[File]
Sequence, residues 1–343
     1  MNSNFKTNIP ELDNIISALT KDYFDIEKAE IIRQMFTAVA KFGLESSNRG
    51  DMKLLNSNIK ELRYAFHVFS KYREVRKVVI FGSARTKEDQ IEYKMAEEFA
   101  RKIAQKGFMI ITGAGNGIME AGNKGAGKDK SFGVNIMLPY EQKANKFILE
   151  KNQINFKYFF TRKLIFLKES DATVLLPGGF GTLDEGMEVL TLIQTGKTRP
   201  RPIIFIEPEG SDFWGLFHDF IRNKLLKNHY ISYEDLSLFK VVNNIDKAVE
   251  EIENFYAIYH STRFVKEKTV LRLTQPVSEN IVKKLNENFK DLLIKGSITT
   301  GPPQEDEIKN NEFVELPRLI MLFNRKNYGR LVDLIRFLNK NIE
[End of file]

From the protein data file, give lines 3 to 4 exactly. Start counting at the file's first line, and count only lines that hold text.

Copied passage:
    51  DMKLLNSNIK ELRYAFHVFS KYREVRKVVI FGSARTKEDQ IEYKMAEEFA
   101  RKIAQKGFMI ITGAGNGIME AGNKGAGKDK SFGVNIMLPY EQKANKFILE